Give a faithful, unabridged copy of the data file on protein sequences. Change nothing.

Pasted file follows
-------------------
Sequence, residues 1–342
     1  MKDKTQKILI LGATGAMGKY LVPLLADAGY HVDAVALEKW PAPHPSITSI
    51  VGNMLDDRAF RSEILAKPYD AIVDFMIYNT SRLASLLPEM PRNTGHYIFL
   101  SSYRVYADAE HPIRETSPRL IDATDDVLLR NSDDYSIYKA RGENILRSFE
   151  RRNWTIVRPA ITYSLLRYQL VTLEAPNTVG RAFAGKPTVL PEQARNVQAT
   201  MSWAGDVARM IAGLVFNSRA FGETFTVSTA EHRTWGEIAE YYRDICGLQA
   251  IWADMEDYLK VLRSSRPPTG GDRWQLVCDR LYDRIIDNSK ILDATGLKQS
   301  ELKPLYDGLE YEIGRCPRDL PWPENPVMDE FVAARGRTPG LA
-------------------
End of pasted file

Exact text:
Sequence, residues 1–342
     1  MKDKTQKILI LGATGAMGKY LVPLLADAGY HVDAVALEKW PAPHPSITSI
    51  VGNMLDDRAF RSEILAKPYD AIVDFMIYNT SRLASLLPEM PRNTGHYIFL
   101  SSYRVYADAE HPIRETSPRL IDATDDVLLR NSDDYSIYKA RGENILRSFE
   151  RRNWTIVRPA ITYSLLRYQL VTLEAPNTVG RAFAGKPTVL PEQARNVQAT
   201  MSWAGDVARM IAGLVFNSRA FGETFTVSTA EHRTWGEIAE YYRDICGLQA
   251  IWADMEDYLK VLRSSRPPTG GDRWQLVCDR LYDRIIDNSK ILDATGLKQS
   301  ELKPLYDGLE YEIGRCPRDL PWPENPVMDE FVAARGRTPG LA